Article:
Thank you Tommy, I think I’ll be adding this to my list of blogs I wished I’d written!
There are also some intelligent and articulate comments here, I’ve enjoyed reading every one and found the whole discussion very thought-provoking.

One of things seen frequently is the exhortation to ‘fake-it-till-you-make-it’. Although there is nothing wrong with having confidence in your abilities and your future, ‘faking it’ is something I wouldn’t advise. After all if you are truly confident why not tell the truth about where you are? There is no shame in being on the first leg of a journey after all.

I understand that the law of attraction would have us all focussing on acting as if we have already made it too in order to attract those things into our lives. I don’t think there is anything wrong with that as long as it is done intentionally and knowledgeably rather than in a way that leads to delusion.

If we were all a bit more honest then maybe the pressure we all feel to be superstars would abate.

As for me – I haven’t ‘made it’ yet, and sometimes I do get down and frustrated. I don’t share that often as I would rather go for a walk and remind myself how lucky I am just to be alive on this planet! But I do share it when I think others will draw strength from it, and I have to say that even though I’m not top of the twitterati tree I am on the whole really enjoying the journey and the people I’m virtually meeting along the way.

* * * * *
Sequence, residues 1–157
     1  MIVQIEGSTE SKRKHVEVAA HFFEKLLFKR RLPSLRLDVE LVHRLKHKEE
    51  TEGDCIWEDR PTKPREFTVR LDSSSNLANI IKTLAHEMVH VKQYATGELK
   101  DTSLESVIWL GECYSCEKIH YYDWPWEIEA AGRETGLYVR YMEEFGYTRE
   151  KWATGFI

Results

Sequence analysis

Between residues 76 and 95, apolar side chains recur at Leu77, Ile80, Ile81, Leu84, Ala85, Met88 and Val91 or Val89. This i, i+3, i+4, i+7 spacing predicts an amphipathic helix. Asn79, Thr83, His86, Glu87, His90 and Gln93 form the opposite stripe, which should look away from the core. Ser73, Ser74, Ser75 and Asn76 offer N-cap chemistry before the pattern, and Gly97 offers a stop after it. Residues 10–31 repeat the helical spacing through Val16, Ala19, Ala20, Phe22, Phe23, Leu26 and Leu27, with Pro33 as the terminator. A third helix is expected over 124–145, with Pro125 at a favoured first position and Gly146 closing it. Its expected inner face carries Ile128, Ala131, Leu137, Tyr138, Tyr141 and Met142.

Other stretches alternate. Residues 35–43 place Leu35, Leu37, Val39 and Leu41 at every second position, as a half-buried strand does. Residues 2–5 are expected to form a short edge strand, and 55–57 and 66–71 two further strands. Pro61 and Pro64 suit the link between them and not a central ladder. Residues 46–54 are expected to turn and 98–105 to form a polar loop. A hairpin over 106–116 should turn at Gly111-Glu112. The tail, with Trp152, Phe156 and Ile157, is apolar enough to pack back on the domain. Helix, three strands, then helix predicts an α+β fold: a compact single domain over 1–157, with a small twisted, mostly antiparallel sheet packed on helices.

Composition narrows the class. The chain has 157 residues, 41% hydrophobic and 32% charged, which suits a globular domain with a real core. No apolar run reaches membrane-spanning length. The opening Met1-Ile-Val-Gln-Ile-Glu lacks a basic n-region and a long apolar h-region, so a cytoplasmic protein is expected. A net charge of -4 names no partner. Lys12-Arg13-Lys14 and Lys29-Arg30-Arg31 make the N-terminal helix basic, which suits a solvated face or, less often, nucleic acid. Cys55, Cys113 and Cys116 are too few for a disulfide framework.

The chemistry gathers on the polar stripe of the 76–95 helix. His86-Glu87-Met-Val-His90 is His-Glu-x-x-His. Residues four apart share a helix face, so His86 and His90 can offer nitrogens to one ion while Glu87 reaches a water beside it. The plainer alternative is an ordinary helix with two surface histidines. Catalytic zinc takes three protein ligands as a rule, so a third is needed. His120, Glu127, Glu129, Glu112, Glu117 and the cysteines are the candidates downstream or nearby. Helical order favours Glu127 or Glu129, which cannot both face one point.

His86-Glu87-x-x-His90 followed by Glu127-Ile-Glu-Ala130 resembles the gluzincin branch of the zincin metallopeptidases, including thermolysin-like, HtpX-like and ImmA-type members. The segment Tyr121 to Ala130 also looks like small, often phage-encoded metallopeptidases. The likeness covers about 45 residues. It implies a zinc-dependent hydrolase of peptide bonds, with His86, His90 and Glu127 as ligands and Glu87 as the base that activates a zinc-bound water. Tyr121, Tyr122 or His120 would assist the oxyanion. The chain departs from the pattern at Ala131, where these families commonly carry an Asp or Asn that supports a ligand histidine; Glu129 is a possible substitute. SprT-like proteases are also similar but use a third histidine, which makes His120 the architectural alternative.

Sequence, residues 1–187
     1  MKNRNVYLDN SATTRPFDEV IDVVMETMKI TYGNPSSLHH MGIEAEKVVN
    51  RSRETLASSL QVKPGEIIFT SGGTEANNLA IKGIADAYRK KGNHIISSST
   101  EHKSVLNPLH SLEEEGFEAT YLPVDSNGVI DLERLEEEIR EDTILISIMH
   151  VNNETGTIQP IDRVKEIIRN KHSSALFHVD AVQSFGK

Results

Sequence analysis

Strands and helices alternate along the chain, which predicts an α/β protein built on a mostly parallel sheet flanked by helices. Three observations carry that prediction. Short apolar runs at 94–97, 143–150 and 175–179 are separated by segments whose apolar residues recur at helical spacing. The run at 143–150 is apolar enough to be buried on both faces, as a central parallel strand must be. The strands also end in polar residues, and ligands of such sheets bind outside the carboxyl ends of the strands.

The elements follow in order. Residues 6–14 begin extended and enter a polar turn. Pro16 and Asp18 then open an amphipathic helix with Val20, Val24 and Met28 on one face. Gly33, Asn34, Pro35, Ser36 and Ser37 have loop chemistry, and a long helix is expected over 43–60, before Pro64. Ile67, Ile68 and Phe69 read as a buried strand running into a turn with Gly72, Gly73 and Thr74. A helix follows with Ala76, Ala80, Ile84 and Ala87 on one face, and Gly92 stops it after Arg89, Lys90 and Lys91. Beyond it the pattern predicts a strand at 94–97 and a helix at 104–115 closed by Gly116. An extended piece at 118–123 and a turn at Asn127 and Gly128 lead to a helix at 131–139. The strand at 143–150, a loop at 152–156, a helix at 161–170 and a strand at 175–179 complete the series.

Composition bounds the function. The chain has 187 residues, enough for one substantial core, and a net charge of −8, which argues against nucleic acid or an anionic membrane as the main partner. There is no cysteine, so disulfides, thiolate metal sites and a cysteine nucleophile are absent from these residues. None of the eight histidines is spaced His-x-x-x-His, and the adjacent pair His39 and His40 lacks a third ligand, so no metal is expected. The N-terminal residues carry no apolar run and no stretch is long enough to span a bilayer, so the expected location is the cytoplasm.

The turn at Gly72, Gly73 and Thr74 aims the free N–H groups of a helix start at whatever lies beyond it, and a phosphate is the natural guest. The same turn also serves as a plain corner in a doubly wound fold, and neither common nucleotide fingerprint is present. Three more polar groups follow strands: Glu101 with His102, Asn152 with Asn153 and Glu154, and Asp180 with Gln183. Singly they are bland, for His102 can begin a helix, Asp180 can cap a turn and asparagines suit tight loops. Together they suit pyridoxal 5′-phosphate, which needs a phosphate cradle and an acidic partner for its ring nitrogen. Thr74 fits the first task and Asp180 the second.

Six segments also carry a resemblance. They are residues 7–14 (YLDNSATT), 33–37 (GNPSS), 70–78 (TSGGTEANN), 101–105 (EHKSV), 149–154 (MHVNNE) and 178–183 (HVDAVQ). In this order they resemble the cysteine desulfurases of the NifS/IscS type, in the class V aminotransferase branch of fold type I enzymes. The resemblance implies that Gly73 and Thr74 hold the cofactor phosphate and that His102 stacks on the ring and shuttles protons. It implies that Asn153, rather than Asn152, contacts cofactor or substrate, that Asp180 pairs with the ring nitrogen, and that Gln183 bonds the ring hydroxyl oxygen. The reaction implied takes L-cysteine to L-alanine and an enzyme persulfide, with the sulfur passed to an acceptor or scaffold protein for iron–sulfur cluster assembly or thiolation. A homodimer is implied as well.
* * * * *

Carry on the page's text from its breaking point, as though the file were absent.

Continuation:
Wishing all of you the very best.

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Jason Fonceca November 27, 2011 at 7:10 pm

Really insightful and uplifting post Gemma. I especially like your reference to how LoA applies.

Your line: “I don’t think there is anything wrong with that as long as it is done intentionally and knowledgeably rather than in a way that leads to delusion.” is brilliant. I whole-heartedly encourage this.

Thanks for writing!

“I know I exaggerated things / now I got it like that.” – Drake, Headlines.

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Tristan November 29, 2011 at 4:33 am

Hi Tommy & Co.

As someone who has suffered from depression and had a very traumatic upbringing (violent, drug & alcohol fuelled – not me, my parents! well actually I nearly followed in their footsteps!!) your article really resonated with me. I’m haven’t been in a great place recently. Most people aren’t. Honestly. They aren’t. Not in London anyway.

That’s why I stayed away from here the last few years (living in India and Ibiza) but I came back for the woman I loved. Little did I know that would bring up all the childhood drama/ trauma patterns I had as a child as a result of being strangled, abandoned, homeless, beaten etc… and then being effectively adopted by my grandfather and step-grandmother, both of whom where Colonels in the army!